In my last post I talked about how important stories are in how we understand and see things, and the impact they can have on individuals, communities and societies. Telling stories about ourselves gives us power in that we can articulate where we place ourselves in the world and in our communities and families, and we can then see how to make changes or enhancements. Telling stories about ourselves takes us out of a sea of faceless population and validates our experiences. Telling our stories puts our voices out there into the grand dialogue of history
The problem of AIDS in Africa is huge. Mind bogglingly huge. So huge most of us have difficulty wrapping our brains around it and we tuck it in the backs of our minds as "way over there on a distant continent" with our, probably quite sincere, hopes that it will eventually go away. We might contribute money to the problem but we probably feel it's like throwing a penny in a giant, bottomless well.
But then you encounter a single story about one doctor and one man, and the problem is no longer a sea of faceless people on a distant continent, it is one person. One man who might have a lot in common with you and me. And you might think that penny didn't fall into a vast well, it went to help one real person.
I dare you to not be moved by Maithri's poetic prose and his stories of love and compassion and hope while he works to help one person at a time - and seeing a world of possibility in each one.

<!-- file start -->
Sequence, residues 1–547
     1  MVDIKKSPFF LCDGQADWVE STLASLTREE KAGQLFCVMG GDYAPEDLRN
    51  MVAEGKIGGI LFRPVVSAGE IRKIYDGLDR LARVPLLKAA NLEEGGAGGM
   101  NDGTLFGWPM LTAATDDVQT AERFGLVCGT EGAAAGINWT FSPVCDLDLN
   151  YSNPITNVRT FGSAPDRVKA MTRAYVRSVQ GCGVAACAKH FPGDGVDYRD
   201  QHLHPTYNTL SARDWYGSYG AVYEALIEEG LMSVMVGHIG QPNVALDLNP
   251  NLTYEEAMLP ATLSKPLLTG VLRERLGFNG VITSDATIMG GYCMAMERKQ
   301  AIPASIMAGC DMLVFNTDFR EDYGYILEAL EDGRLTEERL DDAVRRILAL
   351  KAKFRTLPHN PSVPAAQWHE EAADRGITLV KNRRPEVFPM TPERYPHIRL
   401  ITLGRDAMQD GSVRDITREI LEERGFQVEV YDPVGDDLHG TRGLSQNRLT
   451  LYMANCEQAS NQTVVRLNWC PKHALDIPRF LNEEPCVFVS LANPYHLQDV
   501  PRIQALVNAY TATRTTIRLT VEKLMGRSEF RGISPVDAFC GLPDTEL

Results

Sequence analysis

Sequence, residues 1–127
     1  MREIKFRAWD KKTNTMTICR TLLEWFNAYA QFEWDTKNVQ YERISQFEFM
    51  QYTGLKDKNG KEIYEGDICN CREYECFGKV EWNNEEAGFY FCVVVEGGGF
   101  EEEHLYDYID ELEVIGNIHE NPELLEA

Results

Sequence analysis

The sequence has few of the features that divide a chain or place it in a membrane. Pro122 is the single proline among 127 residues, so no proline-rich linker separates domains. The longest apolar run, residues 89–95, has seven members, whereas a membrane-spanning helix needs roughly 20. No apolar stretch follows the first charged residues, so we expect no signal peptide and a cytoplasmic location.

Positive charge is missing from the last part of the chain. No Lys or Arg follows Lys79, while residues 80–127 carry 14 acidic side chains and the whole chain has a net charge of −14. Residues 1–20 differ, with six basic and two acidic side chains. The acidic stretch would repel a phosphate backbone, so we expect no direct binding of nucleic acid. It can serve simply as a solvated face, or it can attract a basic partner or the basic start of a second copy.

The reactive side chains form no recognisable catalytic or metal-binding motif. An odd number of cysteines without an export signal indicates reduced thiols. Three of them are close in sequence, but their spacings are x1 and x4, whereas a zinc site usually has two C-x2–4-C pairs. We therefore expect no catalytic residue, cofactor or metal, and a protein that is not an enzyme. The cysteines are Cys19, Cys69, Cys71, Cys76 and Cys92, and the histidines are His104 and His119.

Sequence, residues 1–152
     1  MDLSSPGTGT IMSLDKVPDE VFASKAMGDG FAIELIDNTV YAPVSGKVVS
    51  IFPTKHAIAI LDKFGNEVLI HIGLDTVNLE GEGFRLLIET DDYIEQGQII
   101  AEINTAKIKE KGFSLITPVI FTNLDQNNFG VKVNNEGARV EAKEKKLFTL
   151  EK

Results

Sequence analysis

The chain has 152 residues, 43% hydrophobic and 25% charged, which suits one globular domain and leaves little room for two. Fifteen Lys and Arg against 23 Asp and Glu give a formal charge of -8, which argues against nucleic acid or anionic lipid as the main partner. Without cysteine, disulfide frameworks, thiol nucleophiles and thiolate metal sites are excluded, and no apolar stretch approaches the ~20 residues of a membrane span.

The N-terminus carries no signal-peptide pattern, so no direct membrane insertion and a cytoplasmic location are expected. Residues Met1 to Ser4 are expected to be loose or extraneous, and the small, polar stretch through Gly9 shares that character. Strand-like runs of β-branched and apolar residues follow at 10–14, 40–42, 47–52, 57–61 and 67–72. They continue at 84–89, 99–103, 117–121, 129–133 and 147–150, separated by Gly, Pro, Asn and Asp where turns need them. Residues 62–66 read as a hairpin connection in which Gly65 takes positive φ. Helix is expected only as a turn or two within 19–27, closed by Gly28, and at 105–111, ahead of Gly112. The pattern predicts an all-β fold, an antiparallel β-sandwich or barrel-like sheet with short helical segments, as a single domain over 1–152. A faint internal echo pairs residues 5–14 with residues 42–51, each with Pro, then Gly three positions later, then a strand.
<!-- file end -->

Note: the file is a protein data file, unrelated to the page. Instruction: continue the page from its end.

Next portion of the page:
Read his latest story here: On difference.
So I made peace with his landlordship. No, we didn’t discuss the Matter of the Windows or his Jacking Up the Furnace Policy. Let’s just say we both know it’s an issue that would remain unresolved for as long as I chose to live there. He did say he’s thinking of building a deck for the upper apartment, so perhaps that’s his acknowledgement of most peoples’ need for fresh air and an enjoyment of summer. He probably thinks that the next tenant’s utilisation of a deck space will eliminate any need to open windows – but that’s a discussion I’m not going to need to have ever again.
At any rate, the exchange was friendly and generous on both sides, and I’m glad to be leaving him on good terms. He expressed sadness that I’m going, and I understand that. It’s not about the money for him; it’s about the comfort of having another body moving about in the big house. And it’s hard to find a good tenant, particularly when one is inclined to make much ado over small things. I’m glad to be leaving his control issues and mind games. I’m sad to be leaving behind the friendly, slightly cheeky man who gave me some prints of his bird paintings, which I’ll hang in my new home in honour of his good qualities, and because they’re lovely.
I get possession of my new digs tomorrow and the official move is Monday. I hope to use the weekend to get the cupboard and closet stuff in place, and thus ease SOME of the unpacking pain.